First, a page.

DOI: 10.2337/db23-82-lb ISSN: 0012-1797

82-LB: Effectiveness of Coordinated and Centralized Care for Insulin Pump Users—A Multiple-Year Cohort Study

  • Endocrinology, Diabetes and Metabolism
  • Internal Medicine

Background: With >13000 children diagnosed with type 1 diabetes each year, it imposes a tremendous burden on US healthcare. However, data are scarce on management models for pump users.

Methods: In this observational cohort study, patients (pts) were systematically monitored for 4 years at our centralized & coordinated pump center. Data on both outcome measures (percentage of glycated hemoglobin, or A1C) & pt characteristics were routinely documented.

Results: For all study pts (n=219), a statistically significant reduction in A1C was observed (-0.4% A1C; 95% CI: -0.7-0.1%). And this is true for all three groups of pts disaggregated by initial A1C (7.5-10, 8.0-10, ≥10). The reduction was -0.6 (95% CI: -0.8-0.3) for ps with a starting A1C between 7.5-10; -0.8 (95% CI: -1.1-0.5) for pts with a starting A1C of 8.0-10; and -2.4 (95% CI: -3.4 -1.3) for pts with a starting A1C above 10. A majority of pts reached their target A1C levels, and most of them achieved that in first quarter after the installation of insulin pumps (See Fig 1).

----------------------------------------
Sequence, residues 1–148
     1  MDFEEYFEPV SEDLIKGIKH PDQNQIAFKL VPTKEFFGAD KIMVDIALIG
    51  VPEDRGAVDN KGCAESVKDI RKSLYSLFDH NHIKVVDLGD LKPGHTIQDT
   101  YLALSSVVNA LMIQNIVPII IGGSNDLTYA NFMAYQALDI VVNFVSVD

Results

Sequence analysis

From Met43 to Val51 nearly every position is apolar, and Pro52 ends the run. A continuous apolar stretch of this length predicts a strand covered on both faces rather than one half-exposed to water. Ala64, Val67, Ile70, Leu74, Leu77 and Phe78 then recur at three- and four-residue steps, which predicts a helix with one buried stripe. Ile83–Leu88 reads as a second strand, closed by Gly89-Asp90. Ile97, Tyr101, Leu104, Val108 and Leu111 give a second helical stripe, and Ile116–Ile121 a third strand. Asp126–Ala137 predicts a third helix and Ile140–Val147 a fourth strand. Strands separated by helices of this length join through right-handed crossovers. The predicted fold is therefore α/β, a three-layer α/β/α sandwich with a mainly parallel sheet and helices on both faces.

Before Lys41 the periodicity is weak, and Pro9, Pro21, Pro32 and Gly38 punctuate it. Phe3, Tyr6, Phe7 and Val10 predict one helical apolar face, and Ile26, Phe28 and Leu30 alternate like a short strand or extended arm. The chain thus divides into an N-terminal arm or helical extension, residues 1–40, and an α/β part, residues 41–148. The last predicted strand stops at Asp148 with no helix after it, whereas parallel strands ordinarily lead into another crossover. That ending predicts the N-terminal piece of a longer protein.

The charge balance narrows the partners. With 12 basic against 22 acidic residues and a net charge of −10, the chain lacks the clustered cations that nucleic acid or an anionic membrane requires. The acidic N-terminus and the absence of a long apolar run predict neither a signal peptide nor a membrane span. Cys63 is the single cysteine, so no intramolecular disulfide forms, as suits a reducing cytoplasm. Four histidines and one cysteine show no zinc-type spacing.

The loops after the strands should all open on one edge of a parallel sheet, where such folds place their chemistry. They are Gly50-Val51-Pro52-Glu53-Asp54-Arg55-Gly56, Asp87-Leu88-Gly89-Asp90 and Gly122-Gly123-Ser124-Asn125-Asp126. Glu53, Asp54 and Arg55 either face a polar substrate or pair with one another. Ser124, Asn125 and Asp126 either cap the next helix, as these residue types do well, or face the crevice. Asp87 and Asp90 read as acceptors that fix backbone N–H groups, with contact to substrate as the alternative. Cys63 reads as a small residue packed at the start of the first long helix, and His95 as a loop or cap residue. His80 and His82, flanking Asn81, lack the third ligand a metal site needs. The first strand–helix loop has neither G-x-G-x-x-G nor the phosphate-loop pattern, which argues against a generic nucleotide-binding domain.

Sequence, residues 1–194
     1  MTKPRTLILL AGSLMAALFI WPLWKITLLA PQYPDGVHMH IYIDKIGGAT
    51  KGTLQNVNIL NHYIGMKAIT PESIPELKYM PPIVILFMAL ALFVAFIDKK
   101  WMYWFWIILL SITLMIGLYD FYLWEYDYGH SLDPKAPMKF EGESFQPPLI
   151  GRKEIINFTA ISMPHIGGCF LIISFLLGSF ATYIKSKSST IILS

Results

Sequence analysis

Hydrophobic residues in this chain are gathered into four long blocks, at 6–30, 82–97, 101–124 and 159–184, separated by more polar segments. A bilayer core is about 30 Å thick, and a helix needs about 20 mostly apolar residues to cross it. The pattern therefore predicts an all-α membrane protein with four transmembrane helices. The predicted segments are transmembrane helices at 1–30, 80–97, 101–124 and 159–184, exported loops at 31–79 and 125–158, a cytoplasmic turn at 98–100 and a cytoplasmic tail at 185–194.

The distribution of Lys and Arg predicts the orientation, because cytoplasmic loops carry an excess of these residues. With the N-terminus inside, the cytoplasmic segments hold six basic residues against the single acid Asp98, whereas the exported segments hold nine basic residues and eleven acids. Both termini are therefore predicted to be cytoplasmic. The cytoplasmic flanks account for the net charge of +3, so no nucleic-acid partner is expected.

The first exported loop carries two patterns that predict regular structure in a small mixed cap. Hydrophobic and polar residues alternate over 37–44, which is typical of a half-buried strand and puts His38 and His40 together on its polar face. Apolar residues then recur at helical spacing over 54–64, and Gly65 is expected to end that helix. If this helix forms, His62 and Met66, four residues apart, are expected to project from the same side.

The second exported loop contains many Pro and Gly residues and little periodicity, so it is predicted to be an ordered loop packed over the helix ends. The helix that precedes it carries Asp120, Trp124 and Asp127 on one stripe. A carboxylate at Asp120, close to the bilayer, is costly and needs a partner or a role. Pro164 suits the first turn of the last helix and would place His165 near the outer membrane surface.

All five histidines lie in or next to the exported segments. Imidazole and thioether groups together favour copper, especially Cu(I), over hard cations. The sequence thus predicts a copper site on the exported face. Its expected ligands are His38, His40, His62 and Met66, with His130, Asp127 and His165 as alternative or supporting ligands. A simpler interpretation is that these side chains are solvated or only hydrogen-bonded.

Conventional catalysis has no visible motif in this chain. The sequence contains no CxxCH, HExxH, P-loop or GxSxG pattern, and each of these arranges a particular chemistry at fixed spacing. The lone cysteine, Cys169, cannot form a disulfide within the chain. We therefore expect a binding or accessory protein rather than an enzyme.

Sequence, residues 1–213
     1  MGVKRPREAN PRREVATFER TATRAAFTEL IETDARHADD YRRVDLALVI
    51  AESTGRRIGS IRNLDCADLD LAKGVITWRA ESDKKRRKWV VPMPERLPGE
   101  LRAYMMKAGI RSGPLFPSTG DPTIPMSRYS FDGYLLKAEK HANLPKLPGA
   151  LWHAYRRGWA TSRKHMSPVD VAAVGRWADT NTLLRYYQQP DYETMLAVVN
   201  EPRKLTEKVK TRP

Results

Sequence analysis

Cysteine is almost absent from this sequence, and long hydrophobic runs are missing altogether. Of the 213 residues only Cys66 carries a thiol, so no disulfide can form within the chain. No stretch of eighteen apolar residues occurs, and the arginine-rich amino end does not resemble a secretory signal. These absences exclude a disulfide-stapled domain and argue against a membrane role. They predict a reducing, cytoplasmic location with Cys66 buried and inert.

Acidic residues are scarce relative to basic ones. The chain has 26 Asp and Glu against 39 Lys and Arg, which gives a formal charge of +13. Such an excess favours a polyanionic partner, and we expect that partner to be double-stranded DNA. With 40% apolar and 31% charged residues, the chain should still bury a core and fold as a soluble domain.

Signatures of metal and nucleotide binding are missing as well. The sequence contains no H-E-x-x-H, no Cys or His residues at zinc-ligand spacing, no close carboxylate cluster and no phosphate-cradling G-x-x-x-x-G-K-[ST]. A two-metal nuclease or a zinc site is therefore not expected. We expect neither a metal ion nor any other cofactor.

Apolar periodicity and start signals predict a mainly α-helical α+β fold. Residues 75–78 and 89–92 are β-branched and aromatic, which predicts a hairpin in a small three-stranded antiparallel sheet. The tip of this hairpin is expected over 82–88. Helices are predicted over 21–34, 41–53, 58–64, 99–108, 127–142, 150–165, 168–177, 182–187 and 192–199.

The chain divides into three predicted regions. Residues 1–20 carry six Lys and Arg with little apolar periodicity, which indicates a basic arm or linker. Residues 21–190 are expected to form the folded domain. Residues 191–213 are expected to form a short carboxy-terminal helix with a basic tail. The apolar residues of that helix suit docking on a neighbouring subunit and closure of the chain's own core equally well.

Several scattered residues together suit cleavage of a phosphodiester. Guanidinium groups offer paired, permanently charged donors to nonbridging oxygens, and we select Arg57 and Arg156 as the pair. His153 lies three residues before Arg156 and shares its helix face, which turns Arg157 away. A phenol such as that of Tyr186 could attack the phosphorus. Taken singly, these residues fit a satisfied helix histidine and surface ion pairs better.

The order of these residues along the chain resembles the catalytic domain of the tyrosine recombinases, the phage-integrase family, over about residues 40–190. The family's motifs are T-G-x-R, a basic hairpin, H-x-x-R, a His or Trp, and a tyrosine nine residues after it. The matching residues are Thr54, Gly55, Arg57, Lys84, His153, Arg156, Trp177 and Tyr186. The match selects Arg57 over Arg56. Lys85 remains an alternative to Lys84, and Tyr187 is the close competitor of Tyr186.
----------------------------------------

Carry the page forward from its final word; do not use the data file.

Conclusions: Through centralized and coordinated care, a pump center is effective in assisting diabetes patients in properly using insulin pumps and quickly achieving their target A1C levels. Given the heavy burden of diabetes and large number of insulin pumps, the model of a pump center may be able to help confront the disease burden, and therefore needs to be made available to more patients.


K. Latif: Research Support; Medtronic, Senseonics. Board Member; Bigfoot Biomedical, Inc. Q. Li: None. Y. Shaikh: None. F. H. Cheema: None. A. Hyder: None.

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